Inflation has begun to slow, which is already helping bring daily mortgage rates down. However, a longer trend of lower inflation is needed for sustained rate relief. Home-sale prices rose 3.2% year over year during the four-week period ending November 6, the smallest increase since July 2020, according to Redfin. The median home sale price has fallen 8.4% since reaching an all-time high in June, when the average 30-year fixed mortgage rate was over a point lower than it is now. Home prices rose half a percent during the same period last year.
Early-stage demand may be leveling off as serious homebuyers who must be in the market now grow accustomed to mortgage rates near 7% and their ability to negotiate with sellers on price and terms improves. Mortgage purchase applications ticked up last week after six weeks of declines. Redfin’s Homebuyer Demand Index – a measure of requests for home tours and other home-buying services from Redfin agents – increased 2.8% in the week ending November 6.
“This morning’s report that the overall inflation rate is finally starting to back off makes it even more likely that the Fed will slow their rate increase to 50 basis points next month,” says Redfin Deputy Chief Economist Taylor Marr. “The inflation news is already helping to bring daily mortgage rates down. However, Chair Powell has indicated that inflation would need to slow for several consecutive months before the Fed would lower its target for how high it raises rates next year.”
“Still-high home prices are propping up inflation,” Marr continues. “But things are changing fast – faster than the numbers we have would suggest. The employment numbers that came out today don’t reflect this week’s layoffs, and prices of the past month’s closed sales don’t reflect the contracts homebuyers are signing with sellers today. The buyers who remain in this market are likely getting much better deals than the median asking or sale price reflects. The typical home now sells for less than asking, price drops remain at a record high and seller concessions are becoming increasingly common.”
For the week ending November 10, 30-year mortgage rates increased to 7.08%.
Fewer people searched for “homes for sale” on Google than this time in 2021. Searches during the week ending November 5 were down 28% from a year earlier, but ticked up a point from the previous week.
The seasonally adjusted Redfin Homebuyer Demand Index – a measure of requests for home tours and other home-buying services from Redfin agents – was up 2.8% week over week during the week ending November 6 but down 34% year over year during the four weeks ending November 6.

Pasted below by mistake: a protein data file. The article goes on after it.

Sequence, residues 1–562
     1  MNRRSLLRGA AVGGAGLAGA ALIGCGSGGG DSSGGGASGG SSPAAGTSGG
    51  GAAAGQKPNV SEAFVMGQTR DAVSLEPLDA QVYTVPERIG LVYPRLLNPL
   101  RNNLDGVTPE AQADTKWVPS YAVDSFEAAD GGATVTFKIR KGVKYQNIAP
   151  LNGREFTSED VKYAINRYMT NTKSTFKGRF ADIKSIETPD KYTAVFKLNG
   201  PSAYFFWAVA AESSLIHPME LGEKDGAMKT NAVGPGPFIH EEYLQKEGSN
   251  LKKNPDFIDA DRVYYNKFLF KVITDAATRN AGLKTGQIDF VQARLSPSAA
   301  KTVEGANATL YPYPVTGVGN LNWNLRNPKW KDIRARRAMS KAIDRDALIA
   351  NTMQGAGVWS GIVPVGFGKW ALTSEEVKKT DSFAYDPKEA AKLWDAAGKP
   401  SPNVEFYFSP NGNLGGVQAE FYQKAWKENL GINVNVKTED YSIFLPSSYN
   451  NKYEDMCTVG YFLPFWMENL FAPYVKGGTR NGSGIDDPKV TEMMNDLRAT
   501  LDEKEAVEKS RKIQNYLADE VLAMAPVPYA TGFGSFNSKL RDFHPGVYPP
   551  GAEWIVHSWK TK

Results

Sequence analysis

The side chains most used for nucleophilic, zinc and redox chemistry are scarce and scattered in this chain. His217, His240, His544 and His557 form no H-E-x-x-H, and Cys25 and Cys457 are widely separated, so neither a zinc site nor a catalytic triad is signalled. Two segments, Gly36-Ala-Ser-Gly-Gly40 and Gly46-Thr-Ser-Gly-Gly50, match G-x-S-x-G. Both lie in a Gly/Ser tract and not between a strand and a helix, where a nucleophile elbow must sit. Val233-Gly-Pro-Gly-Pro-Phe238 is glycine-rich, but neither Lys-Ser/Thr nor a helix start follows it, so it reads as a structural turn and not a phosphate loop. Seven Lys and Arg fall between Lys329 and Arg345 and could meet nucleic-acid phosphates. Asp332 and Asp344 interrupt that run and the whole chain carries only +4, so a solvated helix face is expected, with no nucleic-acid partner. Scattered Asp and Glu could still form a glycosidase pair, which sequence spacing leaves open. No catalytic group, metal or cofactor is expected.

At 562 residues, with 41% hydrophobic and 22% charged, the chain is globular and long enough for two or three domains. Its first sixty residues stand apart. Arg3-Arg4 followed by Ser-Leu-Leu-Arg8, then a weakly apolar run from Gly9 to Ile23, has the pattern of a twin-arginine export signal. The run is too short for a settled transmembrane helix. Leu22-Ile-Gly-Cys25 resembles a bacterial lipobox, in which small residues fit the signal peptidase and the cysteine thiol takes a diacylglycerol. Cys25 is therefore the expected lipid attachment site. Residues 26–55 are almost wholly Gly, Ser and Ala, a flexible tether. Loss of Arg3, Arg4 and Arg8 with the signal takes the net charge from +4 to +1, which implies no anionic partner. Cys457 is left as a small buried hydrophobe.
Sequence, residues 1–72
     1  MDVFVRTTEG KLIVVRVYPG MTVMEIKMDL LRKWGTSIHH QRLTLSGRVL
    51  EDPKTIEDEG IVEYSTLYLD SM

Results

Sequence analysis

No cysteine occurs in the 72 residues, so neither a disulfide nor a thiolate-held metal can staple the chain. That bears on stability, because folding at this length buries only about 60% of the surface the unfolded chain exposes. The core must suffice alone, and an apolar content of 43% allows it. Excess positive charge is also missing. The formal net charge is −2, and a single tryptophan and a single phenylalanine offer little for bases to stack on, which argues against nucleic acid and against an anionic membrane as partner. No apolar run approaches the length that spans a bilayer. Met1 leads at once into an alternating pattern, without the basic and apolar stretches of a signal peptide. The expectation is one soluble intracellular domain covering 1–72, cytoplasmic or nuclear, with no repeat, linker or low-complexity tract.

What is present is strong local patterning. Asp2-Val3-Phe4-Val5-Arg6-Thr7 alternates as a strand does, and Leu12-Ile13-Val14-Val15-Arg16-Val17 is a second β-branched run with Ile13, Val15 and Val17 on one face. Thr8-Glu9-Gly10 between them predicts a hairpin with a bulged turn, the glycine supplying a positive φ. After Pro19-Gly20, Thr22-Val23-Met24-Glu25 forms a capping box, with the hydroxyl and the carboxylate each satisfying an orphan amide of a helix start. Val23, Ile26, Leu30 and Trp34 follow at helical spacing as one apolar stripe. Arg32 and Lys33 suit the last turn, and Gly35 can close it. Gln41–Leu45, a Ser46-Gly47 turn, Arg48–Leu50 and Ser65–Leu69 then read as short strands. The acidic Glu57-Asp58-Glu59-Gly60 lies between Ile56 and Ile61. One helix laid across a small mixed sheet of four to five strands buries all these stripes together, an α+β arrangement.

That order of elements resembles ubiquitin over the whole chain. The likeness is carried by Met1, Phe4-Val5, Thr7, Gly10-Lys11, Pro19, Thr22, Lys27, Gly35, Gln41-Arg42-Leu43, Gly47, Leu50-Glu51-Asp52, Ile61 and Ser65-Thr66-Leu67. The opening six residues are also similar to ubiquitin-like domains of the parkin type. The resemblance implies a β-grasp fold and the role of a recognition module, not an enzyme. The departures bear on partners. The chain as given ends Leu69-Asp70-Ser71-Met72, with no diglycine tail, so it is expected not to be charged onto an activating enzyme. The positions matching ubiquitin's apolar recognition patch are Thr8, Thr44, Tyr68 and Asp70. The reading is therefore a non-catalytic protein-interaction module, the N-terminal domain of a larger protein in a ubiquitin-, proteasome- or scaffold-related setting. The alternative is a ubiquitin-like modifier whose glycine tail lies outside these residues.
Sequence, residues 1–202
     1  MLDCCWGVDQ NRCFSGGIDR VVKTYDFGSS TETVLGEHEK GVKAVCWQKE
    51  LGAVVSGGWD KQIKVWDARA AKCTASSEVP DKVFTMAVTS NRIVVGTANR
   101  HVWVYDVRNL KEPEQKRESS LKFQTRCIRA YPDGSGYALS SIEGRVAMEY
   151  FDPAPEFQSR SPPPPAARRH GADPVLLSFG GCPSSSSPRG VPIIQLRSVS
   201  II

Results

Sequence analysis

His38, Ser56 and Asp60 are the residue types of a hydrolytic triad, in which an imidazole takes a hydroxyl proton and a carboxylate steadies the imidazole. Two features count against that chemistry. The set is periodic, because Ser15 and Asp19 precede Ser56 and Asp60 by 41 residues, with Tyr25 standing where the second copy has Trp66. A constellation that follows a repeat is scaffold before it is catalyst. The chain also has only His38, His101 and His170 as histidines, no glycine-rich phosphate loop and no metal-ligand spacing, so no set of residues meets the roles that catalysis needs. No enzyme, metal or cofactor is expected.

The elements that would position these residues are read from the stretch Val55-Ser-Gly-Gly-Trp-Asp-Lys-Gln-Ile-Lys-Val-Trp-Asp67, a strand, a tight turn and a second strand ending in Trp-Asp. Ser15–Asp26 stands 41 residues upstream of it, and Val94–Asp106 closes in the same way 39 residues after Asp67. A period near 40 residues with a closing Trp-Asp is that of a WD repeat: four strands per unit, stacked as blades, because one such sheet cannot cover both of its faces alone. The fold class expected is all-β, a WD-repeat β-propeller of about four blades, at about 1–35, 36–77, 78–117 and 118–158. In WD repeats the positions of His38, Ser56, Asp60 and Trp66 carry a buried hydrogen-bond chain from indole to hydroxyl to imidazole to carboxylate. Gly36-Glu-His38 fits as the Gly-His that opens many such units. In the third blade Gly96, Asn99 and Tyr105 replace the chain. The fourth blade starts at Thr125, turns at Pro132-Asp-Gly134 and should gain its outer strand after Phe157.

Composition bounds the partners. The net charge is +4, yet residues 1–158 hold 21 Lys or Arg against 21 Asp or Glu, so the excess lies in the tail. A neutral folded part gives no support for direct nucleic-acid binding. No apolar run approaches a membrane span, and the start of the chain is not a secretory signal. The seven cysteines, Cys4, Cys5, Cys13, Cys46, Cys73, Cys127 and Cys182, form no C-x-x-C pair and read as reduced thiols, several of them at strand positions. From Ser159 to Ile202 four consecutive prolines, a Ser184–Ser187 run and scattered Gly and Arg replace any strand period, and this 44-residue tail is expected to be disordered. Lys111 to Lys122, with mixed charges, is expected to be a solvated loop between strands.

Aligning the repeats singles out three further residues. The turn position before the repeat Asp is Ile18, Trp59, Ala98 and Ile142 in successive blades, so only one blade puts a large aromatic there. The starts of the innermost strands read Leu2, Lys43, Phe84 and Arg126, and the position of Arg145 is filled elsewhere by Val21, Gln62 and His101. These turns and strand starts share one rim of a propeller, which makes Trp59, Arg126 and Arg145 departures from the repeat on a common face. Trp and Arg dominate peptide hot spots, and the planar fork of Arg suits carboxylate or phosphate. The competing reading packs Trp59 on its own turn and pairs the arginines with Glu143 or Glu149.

Touring activity as of November 6 was down 30% from the start of the year, compared to a 4% increase at the same time last year, according to home tour technology company ShowingTime.
Mortgage purchase applications during the week ending November 4 increased 1% week over week, seasonally adjusted. Purchase applications were down 41% from a year earlier.
The median home sale price was $359,250, up 3% year over year, the slowest sale-price growth since the beginning of the pandemic. Home-sale prices fell from a year earlier in six U.S. metro areas. Prices declined 6% year over year in San Francisco, Calif.; 6% in Lake County, Ill.; 3% in Stockton, Calif.; and less than 1% in California’s Oakland and San Jose, and Pennsylvania’s Pittsburgh.
Among metro areas with at least 500 pending sales during the period, pending sales fell the most from a year ago in Las Vegas (-55%); Miami (-49%); Seattle (-48%); Portland, Ore. (-47%); Phoenix (-46%); Riverside, Calif. (-46%); and Atlanta, Ga. (-45%).
The median asking price of newly listed homes was $372,475, up 7% year over year but down 7% from a record high of $399,975 in May.
The monthly mortgage payment on the median-asking-price home was $2,542 at the current 7.08% mortgage rate, up 50.7% from $1,687 a year earlier, when mortgage rates were 2.98% and up from a recent low of $2,203 during the four-week period ending August 14.
Pending home sales were down 34% year over year, the largest decline since at least January 2015, as far back as this data goes. New listings of homes for sale were down 17% from a year earlier. Active listings (the number of homes listed for sale at any point during the period) were up 10% from a year earlier.
Months of supply – a measure of the balance between supply and demand, calculated by dividing the number of active listings by closed sales – was 3.3 months, the highest level since June 2020.
Of homes that went under contract, 34% had an accepted offer within the first two weeks on the market, little changed from the prior four-week period but down from 40% a year earlier. Twenty-two percent had an accepted offer within one week of hitting the market, little changed from the prior four-week period but down from 28% a year earlier.
Homes that sold were on the market for a median of 35 days, up more than a week from 27 days a year earlier and up from the record low of 17 days set in May and early June. Twenty-eight percent of homes sold above their final list price, down from 43% a year earlier and the lowest level since July 2020.
On average, a record 7.9% of homes for sale each week had a price drop, up from 3.6% a year earlier.
The average sale-to-list price ratio, which measures how close homes are selling to their final asking prices, fell to 98.7% from 100.4% a year earlier. This was the lowest level since July 2020.
Read the full report here.